I agree, Mr Pen & Paper. Ewan and Charlie’s adventure has been challenged in its merit. However, they pulled it off, especially considering one of them is a famous actor and probably had a few ongoing contracts at that time with some terms in fine print – that means they did their round the world adventure with a stipulated time limit, a major compromise and with that they required some level of support, another compromise, which is usually the main source of criticism they receive. However, they made it happen, they documented it well, and they inspired many others to venture out there, and these other people who were inspired to travel can do it on their own terms. That’s a credit we have with Ewan and Charlie. Also most of the criticism they received were from people who actually haven’t gone on any adventure of any sort. Easy to criticize… difficult to do in whatever terms it is.
I also agree with you about Ted Simons – and I have one of his books and he is tremendous inspiration as well. Actually Ewan and Charlie cite Ted Simons as their inspiration. Ted Simon went around the world twice on motorcycle. The first time on a 1973 Triumph, not what anyone would consider an adventure motorcycle today. Buit it was a great option in 1973, when he started his trip. The second trip was on a BMW, and R80GS. From Ted Simon we get the inspiration that riding the world can become a way of living. I have a quote from one of his interviews in the “why I ride” page on this site.
Thanks for bringing this up!
Happy to do so! I’ve actually hung out with Ted on a few occasions. Super guy. He just returned from a literary festival in Dubai. Cool to see he’s still going strong into his 80s!
Totally agree that Ewan and Charley have served as an inspiration to others. I think they ended up meeting with Ted in Mongolia at one point.
Another rider who inspired me was Danny Liska (“Two Wheels to Adventure”) who rode from Indiana to Alaska in the ’60s, then down into South America, more or less portaging across the Darien Gap. Wild adventures, and he wrote, illustrated and published his own book. Amazing story…including how he’d run out of money and ended up working as a stunt double for the actor Yul Brenner. And married a Colombian princess. What a life!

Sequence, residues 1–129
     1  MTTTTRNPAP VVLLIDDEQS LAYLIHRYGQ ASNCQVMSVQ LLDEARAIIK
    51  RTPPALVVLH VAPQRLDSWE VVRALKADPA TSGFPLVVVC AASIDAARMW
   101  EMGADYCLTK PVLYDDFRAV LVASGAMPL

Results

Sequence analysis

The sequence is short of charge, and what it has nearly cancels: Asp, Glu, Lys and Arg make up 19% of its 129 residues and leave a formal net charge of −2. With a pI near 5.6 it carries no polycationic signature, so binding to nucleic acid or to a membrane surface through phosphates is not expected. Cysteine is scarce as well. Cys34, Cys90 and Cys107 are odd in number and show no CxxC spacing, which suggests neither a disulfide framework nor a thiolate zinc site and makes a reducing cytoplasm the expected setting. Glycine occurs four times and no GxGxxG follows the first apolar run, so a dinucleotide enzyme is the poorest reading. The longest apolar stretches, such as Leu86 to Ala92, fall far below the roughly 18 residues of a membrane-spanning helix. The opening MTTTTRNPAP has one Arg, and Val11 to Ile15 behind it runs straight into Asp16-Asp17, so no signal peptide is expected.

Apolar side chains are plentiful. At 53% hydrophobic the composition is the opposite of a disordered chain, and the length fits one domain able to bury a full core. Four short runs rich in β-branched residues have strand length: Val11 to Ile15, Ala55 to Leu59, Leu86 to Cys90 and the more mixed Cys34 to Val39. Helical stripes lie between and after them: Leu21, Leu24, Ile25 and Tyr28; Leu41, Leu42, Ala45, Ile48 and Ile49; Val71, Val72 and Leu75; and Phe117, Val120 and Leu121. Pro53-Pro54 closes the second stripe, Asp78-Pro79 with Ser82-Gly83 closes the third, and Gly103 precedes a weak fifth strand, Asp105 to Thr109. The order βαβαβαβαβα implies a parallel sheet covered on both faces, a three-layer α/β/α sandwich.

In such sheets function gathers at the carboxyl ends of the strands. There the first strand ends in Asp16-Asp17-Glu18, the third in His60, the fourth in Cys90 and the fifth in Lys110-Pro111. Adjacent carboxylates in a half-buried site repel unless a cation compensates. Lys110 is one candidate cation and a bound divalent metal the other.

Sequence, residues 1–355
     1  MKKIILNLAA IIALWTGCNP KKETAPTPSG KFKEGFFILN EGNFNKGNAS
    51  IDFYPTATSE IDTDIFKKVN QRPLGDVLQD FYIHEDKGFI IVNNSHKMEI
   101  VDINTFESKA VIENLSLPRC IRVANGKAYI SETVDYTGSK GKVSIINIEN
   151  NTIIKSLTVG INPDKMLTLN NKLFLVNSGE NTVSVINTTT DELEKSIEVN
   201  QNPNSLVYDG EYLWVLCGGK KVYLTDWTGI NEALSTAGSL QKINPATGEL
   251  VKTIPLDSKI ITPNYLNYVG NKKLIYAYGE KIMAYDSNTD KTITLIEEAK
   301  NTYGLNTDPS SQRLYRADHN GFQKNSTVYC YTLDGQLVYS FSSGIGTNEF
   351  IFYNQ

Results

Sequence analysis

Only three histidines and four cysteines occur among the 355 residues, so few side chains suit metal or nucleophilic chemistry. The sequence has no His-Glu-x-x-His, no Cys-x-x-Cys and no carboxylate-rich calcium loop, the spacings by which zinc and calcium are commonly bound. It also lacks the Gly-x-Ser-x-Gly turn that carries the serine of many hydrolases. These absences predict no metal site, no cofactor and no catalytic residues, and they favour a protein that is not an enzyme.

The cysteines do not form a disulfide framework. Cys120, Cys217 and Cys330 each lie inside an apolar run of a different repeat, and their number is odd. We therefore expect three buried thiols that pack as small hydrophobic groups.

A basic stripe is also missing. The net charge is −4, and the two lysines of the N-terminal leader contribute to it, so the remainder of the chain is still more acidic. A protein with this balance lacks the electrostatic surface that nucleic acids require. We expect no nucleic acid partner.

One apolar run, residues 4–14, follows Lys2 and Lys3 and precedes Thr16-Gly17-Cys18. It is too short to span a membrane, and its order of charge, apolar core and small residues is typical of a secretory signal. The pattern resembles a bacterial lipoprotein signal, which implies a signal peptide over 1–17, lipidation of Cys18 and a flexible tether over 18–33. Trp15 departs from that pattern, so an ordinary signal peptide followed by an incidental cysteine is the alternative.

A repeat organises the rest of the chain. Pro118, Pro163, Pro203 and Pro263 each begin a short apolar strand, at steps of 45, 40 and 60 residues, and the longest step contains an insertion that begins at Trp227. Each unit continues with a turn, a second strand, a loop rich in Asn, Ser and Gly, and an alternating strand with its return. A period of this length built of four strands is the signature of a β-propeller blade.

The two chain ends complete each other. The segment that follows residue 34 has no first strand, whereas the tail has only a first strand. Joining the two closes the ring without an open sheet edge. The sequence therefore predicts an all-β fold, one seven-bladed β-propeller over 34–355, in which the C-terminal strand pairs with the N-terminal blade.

I’m glad you brought up another inspiring rider (Danny Liska). Which reminds me of yet another rider, Helge Pedersen, who has traveled the world more than once on motorcycle and made it into an income source, so he can continue riding. I met him once. Very interesting guy. They all have to be. Helge lives in Seattle.
Seattle is a hotbed of adventure riding and riders: Gaila and Tad, who founded motostays.com; Shawn Edmondson, who made a film — “Ashes Before Dust” (funded through Kickstarter) — about riding to Alaska and asking meaningful questions of and engaging with people along the way…the list is endless! I’ve also had the good fortune to meet Daniel Rintz who made presented his movie “Somewhere Else Tomorrow” at Ride West BMW, which is about traveling on a shoestring budget and learning to let go.
I met Helge years ago at a m/c rally at which a university writing prof and fellow motorcyclist was doing a writing workshop; Helge was looking for a U.S. publisher for his book. That should tell you how far back that was (and how old I am! Oy!)
Glad I live here! 🙂
Oh, also not to toot my own horn too loudly, but I was recently the featured “Rider in Focus” in http://www.adventuremotorcycle.com/ (March/April edition). Fun!! My 15 minutes of fame. 🙂